What does US healthcare reform mean for the medical professional liability market? HRMR gets an expert view from rating agency AM Best.
Smartphones are here to stay. They have already revolutionised the way many healthcare workers carry out their jobs—but are hospitals keeping pace with the attendant risks? HRMR investigates.
Tens, possibly hundreds of patients were murdered by nurse Charles Cullen in the course of his 16-year career. Following the publication of The Good Nurse, a new book about Cullen’s murders and capture, HRMR asked author Charles Graeber what risk managers can learn from this nightmare scenario.
Do your nurses feel secure about speaking out when they spot errors or malpractice? HRMR asks what can be done to create a culture of moral courage.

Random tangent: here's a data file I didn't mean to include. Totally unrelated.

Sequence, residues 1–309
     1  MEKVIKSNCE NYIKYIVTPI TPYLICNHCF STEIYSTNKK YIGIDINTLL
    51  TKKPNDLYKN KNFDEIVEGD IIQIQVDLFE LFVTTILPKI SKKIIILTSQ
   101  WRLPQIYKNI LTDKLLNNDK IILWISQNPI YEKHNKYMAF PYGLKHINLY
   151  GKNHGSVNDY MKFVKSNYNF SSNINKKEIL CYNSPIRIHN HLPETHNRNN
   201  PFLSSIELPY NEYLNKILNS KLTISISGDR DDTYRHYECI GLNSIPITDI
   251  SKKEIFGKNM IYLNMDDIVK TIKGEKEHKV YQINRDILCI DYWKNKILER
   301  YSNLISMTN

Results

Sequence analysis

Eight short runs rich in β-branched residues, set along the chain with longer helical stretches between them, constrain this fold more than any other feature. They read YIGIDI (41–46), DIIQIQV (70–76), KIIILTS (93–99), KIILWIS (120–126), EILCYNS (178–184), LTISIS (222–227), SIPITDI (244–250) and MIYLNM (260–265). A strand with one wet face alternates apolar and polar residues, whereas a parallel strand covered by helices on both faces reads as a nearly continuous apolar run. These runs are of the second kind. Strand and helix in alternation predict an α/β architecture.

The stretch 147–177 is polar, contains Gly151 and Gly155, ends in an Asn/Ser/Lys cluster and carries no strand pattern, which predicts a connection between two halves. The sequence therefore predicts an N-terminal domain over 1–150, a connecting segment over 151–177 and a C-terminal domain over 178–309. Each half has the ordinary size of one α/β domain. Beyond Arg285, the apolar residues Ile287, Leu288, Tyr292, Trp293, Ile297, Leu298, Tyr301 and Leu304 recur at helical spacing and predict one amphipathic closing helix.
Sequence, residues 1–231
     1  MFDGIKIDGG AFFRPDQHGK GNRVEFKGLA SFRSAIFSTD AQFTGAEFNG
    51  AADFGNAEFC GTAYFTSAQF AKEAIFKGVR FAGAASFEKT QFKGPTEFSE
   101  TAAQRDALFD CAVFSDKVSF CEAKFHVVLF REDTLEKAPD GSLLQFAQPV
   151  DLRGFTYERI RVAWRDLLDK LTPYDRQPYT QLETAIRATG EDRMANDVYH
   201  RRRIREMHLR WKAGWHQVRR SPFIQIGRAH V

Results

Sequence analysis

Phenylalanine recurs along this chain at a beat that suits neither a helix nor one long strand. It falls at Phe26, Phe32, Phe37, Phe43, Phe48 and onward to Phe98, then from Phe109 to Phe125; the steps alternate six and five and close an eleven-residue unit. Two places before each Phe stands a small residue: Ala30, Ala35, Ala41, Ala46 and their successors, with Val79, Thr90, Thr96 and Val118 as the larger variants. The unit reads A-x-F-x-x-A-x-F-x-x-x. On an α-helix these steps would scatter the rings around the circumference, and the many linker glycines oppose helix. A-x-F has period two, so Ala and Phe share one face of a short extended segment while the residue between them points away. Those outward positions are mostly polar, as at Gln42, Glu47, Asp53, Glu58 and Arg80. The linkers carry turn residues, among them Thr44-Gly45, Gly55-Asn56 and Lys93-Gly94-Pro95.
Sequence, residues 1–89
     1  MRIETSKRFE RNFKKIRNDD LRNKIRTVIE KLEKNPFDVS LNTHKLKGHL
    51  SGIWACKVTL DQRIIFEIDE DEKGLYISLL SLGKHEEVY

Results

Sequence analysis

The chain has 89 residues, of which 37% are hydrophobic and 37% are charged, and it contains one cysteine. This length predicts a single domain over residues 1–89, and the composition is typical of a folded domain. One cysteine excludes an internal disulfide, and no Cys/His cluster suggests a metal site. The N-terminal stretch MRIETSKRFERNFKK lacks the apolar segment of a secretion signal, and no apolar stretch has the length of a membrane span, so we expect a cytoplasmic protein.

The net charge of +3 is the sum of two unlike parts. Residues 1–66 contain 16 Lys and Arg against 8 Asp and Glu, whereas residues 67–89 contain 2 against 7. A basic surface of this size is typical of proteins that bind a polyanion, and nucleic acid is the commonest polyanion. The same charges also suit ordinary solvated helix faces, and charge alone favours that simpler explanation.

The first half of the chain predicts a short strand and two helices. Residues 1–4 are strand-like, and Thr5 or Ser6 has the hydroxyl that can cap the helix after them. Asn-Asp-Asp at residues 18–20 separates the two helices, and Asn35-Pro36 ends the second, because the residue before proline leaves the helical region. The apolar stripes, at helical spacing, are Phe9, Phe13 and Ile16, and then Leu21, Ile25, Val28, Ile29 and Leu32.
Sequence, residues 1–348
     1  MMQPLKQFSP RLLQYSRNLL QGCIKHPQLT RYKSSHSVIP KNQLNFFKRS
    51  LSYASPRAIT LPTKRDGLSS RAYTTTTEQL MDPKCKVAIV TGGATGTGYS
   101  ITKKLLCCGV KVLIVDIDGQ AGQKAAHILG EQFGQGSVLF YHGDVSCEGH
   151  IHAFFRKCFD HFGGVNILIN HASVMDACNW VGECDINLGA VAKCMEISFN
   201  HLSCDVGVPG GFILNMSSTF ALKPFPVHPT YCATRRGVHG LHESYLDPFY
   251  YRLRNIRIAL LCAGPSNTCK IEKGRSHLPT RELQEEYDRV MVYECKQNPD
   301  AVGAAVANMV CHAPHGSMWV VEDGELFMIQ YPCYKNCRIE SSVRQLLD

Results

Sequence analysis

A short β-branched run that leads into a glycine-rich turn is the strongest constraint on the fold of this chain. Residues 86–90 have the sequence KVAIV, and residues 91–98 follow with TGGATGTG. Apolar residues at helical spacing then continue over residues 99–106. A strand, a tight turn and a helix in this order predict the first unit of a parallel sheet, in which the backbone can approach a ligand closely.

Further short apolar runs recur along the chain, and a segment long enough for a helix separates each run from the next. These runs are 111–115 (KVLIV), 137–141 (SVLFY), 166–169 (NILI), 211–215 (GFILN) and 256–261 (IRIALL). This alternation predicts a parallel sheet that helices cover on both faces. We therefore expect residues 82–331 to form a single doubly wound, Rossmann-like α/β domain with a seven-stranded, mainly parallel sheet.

The American Society for Healthcare Risk Management has long been a champion of transparency and disclosure in healthcare. Geri Amori, a past ASHRM president and vice president, academic affairs for HCPEducation, explains why these issues are so important.
For president of the Illinois Society for Healthcare Risk Management Kelly Van Fleet, risk management is all about making a difference. She told HRMR about the highs—and lows—of her job.
The massive tornado that hit Joplin in May 2011 tested the emergency operations plans of the area’s hospitals to their limits. Leslie Porth, author of a report on the lessons learned from Joplin, gave HRMR an overview of her findings.
Black River Memorial Hospital in Wisconsin has dramatically improved error reporting by promoting a non-punitive approach among its managers. Its award-winning risk manager Sue Pearson told HRMR how this was achieved.
Risk registers in healthcare organizations are far more than just data collection and reporting tools. An enterprise-wide approach to risk and incident management can make a difference to patient safety and save lives, writes Dr Dan Cohen, international medical director of Datix.
The treatment of bariatric patients brings with it a unique set of risks. HRMR asks how these can be successfully addressed.